the incline and y perpendicular to it as in Figure 5.11b. With these axes, we represent the gravitational force by a component of magnitude mg sin u along the positive x axis and one of magnitude mg cos u along the negative y axis. Our choice
of axes results in the car being modeled as a particle under a net force in the x direction and a particle in equilibrium in
the y direction.
S
Apply these models to the car:
Solve Equation (1) for ax:
oF
(2) o F
(1)
x
5 mg sin u 5 max
y
5 n 2 mg cos u 5 0
(3) ax 5 g sin u
Finalize Note that the acceleration component ax is independent of the mass of the car! It depends only on the angle of
inclination and on g.
S
From Equation (2), we conclude that the component of F g perpendicular to the incline is balanced by the normal
force; that is, n 5 mg cos u. This situation is another case in which the normal force is not equal in magnitude to the
weight of the object.
It is possible, although inconvenient, to solve the problem with вЂњstandardвЂќ horizontal and vertical axes. You may want
to try it, just for practice.
(B) Suppose the car is released from rest at the top of the incline and the distance from the carвЂ™s front bumper to the
bottom of the incline is d. How long does it take the front bumper to reach the bottom of the hill, and what is the carвЂ™s
speed as it arrives there?
SOLUTION
Conceptualize Imagine that the car is sliding down the hill and you use a stopwatch to measure the entire time interval
until it reaches the bottom.
Categorize This part of the problem belongs to kinematics rather than to dynamics, and Equation (3) shows that the
acceleration ax is constant. Therefore, you should categorize the car in this part of the problem as a particle under constant acceleration.
5.7 | Analysis Models Using NewtonвЂ™s Second Law
117
5.6 cont.
Analyze Defining the initial position of the front bumper
as xi 5 0 and its final position as xf 5 d, and recognizing
that vxi 5 0, apply Equation 2.16, x f 5 x i 1 v xi t 1 12a x t 2 :
d 5 12a x t 2
Solve for t:
(4) t 5
Use Equation 2.17, with vxi 5 0, to find the final velocity
of the car:
vxf 2 5 2axd
Finalize We see from Equations (4) and (5) that the time t
at which the car reaches the bottom and its final speed vxf
are independent of the carвЂ™s mass, as was its acceleration.
Notice that we have combined techniques from Chapter 2
with new techniques from this chapter in this example. As
we learn more techniques in later chapters, this process of
combining analysis models and information from several
parts of the book will occur more often. In these cases, use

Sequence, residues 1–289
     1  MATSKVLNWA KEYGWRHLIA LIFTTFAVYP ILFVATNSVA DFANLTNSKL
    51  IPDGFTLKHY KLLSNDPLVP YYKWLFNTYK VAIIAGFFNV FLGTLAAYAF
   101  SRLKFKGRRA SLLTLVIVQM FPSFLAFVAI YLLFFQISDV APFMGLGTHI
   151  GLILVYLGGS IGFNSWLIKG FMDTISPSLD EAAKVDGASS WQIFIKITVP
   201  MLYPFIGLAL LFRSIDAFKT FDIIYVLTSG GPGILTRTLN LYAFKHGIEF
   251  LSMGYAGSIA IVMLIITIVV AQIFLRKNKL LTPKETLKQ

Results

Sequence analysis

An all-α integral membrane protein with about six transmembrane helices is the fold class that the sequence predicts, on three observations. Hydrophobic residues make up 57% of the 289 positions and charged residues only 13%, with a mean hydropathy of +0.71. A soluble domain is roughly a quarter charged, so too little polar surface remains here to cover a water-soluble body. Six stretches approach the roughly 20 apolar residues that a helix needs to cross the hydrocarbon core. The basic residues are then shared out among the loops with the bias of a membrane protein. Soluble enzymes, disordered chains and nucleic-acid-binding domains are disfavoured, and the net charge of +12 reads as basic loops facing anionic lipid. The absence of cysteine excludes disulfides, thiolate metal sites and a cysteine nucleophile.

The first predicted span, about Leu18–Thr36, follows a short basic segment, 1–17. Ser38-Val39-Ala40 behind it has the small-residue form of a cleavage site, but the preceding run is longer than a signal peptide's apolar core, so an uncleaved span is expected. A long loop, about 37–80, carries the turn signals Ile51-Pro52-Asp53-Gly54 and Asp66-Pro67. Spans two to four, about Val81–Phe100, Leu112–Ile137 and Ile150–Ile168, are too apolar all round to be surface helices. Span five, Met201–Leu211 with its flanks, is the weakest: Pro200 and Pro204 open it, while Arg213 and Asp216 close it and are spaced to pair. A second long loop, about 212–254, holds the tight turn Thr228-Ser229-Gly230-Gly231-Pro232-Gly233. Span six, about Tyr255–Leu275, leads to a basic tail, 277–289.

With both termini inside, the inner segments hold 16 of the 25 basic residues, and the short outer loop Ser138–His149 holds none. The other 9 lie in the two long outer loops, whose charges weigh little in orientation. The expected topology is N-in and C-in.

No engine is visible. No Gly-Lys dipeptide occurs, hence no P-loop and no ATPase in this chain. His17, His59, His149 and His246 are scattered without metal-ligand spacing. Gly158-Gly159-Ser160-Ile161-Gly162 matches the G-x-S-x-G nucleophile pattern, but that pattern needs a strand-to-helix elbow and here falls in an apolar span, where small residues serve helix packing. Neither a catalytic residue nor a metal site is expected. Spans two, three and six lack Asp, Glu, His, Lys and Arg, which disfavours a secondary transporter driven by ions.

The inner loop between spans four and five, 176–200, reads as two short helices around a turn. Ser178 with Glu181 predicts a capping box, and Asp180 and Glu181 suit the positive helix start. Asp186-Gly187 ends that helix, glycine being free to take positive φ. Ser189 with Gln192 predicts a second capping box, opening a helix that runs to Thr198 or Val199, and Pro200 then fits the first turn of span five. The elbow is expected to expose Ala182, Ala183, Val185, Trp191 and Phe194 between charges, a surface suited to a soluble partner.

the General Problem-Solving Strategy to help you identify
what analysis models you will need.
Ex a m pl e 5.7
2d
2d
5
Г… g sin u
Г… ax
(5) v xf 5 "2a x d 5 "2gd sin u
WHAT IF? What previously solved problem does this situation become if u 5 90В°?
Answer Imagine u going to 90В° in Figure 5.11. The
inclined plane becomes vertical, and the car is an object in
free fall! Equation (3) becomes
ax 5 g sin u 5 g sin 90В° 5 g
which is indeed the free-fall acceleration. (We find ax 5 g
rather than ax 5 2g because we have chosen positive x to
be downward in Fig. 5.11.) Notice also that the condition
n 5 mg cos u gives us n 5 mg cos 90В° 5 0. That is consistent
with the car falling downward next to the vertical plane, in
which case there is no contact force between the car and
the plane.
One Block Pushes Another
Two blocks of masses m1 and m 2 , with
m1 . m 2, are placed in contact with each
other on a frictionless, horizontal surface
as in Active Figure 5.12a. A constant horiS
zontal force F is applied to m1 as shown.
S
F
m1
m2
a
S
(A) Find the magnitude of the acceleration of the system.
SOLUTION
n1
ACTIVE FIGURE 5.12
y
(Example 5.7) (a) A force is
applied to a block of mass m1,
which pushes on a second block
of mass m 2. (b) The forces acting on m1. (c) The forces acting
on m 2.
S
n2
S
S
S
P21
F
P12
x
Conceptualize Conceptualize the situation by using Active Figure 5.12a and
realize that both blocks must experience
the same acceleration because they are in
contact with each other and remain in contact throughout the motion.
S
S
m 1g
b
m 2g
c
Categorize We categorize this problem as one involving a particle under a net force because a force is applied to a system of blocks and we are looking for the acceleration of the system.
Analyze First model the combination of two blocks as
a single particle under a net force. Apply NewtonвЂ™s second law to the combination in the x direction to find the
acceleration:
oF
x
5 F 5 (m1 1 m 2)ax
(1) ax 5
F
m1 1 m2
continued
CHAPTER 5 | The Laws of Motion
118
5.7 cont.
Finalize The acceleration given by Equation (1) is the same as that of a single object of mass m1 1 m 2 and subject to the
same force.
(B) Determine the magnitude of the contact force between the two blocks.